Jon Krakauer is certain innocent men land in jail on false rape accusations.
"For every one of those guys, though, there's at least 100 women who were raped, and their rapist walked away laughing," said the best-selling author and investigative journalist.
Krakauer made the statement Wednesday night during a discussion about his most recent book, "Missoula: Rape and the Justice System in a College Town."
Fact and Fiction organized the community forum, which packed Missoula's DoubleTree ballroom with a capacity crowd of 600.
The audience gave the author a standing ovation even before he took questions from moderator Larry Abramson, dean of the University of Montana School of Journalism.
The crowd periodically cheered and clapped in response to Krakauer's statements, and booed a man who monopolized the microphone at the end of the hour with a diatribe but no question.
At the forum, Krakauer defended his journalistic choices in the book about acquaintance rape and detailing cases in Missoula from 2010 to 2012. He discussed his view of prosecuting sexual assault, and he talked about editorial choices he made to limit the focus of the book.
Krakauer said he made a conscious decision to not mention "rape culture" and omit any discussion of drinking, which is a problem. He did so in order to keep the attention on rape victims.
"I wanted to tell the story of acquaintance rape from the victim's point of view. That seemed to be what was lacking," Krakauer said.
One problem when prosecutors decide a case is too difficult to take on is the victim gets left out of the picture and her credibility is undermined, Krakauer said. He agreed the justice system should not convict a man falsely accused of rape.
However, Krakauer said the number of false rape accusations are minimal compared to the number of victims whose cases get ignored.
"She's being falsely accused of being a liar, and that's at least as damaging," Krakauer said.
The author used the case against former UM Grizzlies quarterback Jordan Johnson as an example. He said he understands the reason the Missoula District Court jury found Johnson not guilty of sexual intercourse without consent.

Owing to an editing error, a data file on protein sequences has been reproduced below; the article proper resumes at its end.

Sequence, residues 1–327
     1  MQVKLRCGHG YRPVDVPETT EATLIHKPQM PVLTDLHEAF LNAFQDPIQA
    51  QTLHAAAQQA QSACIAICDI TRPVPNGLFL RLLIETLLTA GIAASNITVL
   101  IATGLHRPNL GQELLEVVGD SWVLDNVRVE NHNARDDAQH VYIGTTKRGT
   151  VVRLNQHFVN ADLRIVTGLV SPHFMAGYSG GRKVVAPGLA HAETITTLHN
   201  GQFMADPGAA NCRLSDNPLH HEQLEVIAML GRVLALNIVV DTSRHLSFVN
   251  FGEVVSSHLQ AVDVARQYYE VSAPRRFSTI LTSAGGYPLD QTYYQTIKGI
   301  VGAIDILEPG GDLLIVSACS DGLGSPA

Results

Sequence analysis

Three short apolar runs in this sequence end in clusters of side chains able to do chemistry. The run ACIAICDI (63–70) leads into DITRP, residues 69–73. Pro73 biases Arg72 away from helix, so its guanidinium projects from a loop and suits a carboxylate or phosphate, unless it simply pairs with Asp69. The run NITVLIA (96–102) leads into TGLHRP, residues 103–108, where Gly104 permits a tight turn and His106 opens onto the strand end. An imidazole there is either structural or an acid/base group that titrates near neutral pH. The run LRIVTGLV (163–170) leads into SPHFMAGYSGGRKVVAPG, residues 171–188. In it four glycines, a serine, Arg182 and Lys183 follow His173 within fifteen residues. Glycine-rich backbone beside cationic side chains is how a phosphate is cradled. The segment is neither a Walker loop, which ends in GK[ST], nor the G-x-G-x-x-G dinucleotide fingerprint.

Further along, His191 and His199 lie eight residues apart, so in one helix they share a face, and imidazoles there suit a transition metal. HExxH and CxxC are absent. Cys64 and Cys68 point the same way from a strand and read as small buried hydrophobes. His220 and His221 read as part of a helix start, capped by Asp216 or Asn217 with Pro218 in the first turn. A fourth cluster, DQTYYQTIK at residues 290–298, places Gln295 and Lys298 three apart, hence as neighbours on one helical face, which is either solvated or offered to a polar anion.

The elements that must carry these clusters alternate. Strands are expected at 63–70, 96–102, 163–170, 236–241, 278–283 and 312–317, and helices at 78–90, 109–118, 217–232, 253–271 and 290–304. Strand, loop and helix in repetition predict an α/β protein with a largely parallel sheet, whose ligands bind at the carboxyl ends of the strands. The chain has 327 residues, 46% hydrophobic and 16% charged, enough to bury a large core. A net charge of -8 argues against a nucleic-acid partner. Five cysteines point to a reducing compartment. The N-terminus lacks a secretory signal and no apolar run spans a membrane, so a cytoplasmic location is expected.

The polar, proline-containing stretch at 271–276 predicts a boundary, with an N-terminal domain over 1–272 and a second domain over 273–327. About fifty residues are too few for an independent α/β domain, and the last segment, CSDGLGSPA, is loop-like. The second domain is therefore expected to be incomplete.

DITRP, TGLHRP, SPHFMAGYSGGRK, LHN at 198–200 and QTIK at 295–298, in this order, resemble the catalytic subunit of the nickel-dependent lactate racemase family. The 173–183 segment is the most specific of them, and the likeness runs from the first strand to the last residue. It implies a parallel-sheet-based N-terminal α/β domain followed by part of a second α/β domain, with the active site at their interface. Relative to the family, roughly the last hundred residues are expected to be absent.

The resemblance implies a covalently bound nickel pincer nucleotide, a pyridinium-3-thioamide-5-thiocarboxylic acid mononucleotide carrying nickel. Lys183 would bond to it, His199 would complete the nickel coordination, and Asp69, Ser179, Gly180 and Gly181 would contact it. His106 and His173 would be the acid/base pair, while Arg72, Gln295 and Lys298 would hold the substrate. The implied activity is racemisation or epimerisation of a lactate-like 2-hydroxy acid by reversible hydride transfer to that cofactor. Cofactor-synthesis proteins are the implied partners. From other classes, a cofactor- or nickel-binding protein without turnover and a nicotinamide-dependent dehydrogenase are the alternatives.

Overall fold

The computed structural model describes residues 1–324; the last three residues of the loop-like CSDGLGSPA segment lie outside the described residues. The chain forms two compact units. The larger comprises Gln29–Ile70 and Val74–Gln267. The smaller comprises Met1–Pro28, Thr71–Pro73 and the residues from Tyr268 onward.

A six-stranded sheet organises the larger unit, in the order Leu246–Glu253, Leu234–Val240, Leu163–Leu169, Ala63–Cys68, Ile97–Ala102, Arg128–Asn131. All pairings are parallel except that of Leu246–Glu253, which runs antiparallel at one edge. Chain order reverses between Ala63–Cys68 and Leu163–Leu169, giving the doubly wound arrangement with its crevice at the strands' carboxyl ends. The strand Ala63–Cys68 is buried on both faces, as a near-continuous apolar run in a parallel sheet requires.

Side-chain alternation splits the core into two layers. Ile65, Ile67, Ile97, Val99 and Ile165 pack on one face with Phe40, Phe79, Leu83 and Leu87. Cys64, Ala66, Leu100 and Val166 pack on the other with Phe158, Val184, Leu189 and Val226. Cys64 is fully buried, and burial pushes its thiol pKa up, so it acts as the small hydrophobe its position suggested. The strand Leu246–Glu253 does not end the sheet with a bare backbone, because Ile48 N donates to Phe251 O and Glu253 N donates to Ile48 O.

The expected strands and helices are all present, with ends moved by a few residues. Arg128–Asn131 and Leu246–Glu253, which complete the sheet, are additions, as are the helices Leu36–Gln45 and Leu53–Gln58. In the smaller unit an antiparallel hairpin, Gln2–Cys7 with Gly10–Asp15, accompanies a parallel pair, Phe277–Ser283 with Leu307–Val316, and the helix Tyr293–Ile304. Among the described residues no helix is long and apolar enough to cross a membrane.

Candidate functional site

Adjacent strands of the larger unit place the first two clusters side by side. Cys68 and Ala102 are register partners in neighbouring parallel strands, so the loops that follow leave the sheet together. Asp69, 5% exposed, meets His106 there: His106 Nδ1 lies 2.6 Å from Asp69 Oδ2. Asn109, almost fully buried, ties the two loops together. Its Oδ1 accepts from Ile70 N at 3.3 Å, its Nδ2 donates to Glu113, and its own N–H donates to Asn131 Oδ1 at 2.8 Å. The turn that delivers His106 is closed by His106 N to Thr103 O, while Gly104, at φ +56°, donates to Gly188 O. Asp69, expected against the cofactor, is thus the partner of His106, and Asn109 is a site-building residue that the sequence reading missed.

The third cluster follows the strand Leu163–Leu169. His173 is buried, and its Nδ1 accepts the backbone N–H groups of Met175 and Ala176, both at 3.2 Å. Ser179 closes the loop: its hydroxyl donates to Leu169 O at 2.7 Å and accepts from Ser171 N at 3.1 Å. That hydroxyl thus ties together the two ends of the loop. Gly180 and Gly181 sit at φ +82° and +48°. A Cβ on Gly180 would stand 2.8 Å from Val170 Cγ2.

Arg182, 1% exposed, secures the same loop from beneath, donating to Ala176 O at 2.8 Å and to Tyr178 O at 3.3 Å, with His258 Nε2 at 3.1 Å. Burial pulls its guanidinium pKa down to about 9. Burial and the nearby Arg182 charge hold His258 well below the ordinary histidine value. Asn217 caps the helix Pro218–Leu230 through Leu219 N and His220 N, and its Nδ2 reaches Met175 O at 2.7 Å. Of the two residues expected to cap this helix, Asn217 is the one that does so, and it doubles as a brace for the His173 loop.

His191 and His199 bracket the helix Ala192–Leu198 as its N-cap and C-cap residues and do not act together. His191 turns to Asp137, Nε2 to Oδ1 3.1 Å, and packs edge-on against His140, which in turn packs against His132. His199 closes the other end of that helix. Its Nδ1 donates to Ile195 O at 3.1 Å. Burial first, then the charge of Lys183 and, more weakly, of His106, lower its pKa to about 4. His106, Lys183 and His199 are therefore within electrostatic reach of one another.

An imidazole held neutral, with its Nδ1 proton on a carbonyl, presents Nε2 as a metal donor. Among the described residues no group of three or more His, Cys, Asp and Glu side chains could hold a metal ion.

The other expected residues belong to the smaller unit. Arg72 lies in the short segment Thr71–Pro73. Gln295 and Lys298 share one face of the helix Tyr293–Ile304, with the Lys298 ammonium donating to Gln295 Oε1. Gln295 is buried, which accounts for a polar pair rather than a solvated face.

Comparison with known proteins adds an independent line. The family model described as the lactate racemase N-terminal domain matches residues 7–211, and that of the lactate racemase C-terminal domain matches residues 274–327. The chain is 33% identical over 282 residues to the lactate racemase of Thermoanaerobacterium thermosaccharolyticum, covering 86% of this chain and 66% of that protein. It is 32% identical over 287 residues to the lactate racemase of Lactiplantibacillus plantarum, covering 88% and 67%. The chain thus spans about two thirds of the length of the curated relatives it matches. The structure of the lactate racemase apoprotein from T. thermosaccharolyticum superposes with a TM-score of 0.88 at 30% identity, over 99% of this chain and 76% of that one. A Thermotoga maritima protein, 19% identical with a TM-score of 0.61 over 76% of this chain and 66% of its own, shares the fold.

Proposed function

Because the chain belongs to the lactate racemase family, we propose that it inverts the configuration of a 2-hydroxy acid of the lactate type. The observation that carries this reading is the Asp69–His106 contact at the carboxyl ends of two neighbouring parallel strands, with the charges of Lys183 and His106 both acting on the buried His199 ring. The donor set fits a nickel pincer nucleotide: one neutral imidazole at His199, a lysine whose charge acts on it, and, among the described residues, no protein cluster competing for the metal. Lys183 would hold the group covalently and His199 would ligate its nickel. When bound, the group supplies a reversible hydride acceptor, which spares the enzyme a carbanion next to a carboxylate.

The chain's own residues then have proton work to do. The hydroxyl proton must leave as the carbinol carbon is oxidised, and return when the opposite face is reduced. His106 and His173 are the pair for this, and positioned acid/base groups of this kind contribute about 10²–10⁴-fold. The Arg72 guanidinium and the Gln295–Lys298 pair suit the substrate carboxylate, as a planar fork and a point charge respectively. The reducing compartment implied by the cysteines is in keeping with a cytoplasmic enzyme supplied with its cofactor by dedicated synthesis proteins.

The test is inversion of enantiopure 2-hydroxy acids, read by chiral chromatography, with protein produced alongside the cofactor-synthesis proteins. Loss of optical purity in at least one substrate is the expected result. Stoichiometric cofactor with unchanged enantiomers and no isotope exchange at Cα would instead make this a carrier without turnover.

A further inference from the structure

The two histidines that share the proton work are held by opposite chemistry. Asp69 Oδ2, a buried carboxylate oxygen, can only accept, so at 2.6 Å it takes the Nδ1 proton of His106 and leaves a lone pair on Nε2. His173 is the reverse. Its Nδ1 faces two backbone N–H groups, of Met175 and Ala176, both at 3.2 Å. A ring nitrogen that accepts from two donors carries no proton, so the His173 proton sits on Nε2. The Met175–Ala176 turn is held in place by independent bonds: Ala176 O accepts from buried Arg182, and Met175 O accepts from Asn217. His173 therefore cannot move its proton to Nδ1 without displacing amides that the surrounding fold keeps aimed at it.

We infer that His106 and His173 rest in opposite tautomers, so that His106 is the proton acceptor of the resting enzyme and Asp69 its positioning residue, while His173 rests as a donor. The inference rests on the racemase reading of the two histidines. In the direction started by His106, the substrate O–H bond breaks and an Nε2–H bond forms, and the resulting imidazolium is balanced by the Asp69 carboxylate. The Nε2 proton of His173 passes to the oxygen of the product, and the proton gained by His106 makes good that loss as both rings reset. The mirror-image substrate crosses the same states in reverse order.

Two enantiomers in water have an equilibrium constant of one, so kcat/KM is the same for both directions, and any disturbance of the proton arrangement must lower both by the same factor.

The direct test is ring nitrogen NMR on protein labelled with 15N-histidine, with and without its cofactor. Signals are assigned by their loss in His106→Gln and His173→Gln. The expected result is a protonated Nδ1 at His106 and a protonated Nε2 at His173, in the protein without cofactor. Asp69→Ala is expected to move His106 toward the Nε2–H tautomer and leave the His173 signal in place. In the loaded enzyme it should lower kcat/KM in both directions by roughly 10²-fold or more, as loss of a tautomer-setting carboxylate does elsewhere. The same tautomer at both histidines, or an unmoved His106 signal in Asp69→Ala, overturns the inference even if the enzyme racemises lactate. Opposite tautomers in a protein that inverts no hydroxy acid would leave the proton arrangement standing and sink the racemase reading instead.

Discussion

One reason was the lawyers who represented Johnson, David Paoli and Kirsten Pabst, now the Missoula County attorney, mounted a "really aggressive" and "not entirely honest" defense, Krakauer said. A juror told him she believed Johnson raped the woman, but she and other jurors also had doubts.
"The burden of proof for criminal cases is really high," Krakauer said.
But just because a man is found not guilty of rape doesn't mean he's innocent, he said.
"I want people to look at the evidence and understand that just because a guy was found not guilty of rape doesn't mean the victim lied," said Krakauer.
At the same time, he said, he believes the cases of acquaintance rape in his book demonstrated probable cause, even in incidents where the prosecutor didn't file charges.
In his questions, Abramson pressed Krakauer on the reasons he didn't interview some main players identified in the book.
In some cases, Krakauer said, officials stonewalled him. In other cases, people threatened to sue him, and some didn't have a perspective he wanted to hear.
For instance, the author is seeking in a lawsuit information about how and why Johnson's expulsion from UM was reversed. A district court judge ordered the university to give Krakauer the documents he requested, but the university is hiding behind a privacy law and appealed to the Montana Supreme Court, he said.
So Krakauer didn't see the point in having a conversation with a UM spokesperson, and he paraphrased the absurdity that would result: "Let us tell you all the great things we've done to improve the thing we're not going to tell you about."
At the same time, though, Krakauer said he gives UM credit in the book for improvements it has made.
In the interview, Abramson said many victims have published books about rape before: "Is it ironic or strange that you come along, a guy, and you write a book, and suddenly it seems to be getting an inordinate amount of attention. Does that make you feel uncomfortable?"
Krakauer said he's talked to feminists who are angry about that fact, but he had no control over the attention, and he's glad it's in the limelight, at least for now. He also said the lack of attention on other books is unfortunate.
"It's a very sad statement," Krakauer said.
In his talk, Krakauer also praised women who are speaking out, using their real names and refusing to bear shame. He also lauded former Missoulian reporter Gwen Florio, who first reported the rapes included in his book; Florio now teaches journalism at UM.
After the interview, a man who introduced himself as Thomas Dove took the mic and began giving his background. Krakauer requested the man ask his question.
The man persisted in a lengthy presentation about documents the author had acquired, and the audience booed him. Eventually, Krakauer took away the man's microphone, and the audience was invited to leave.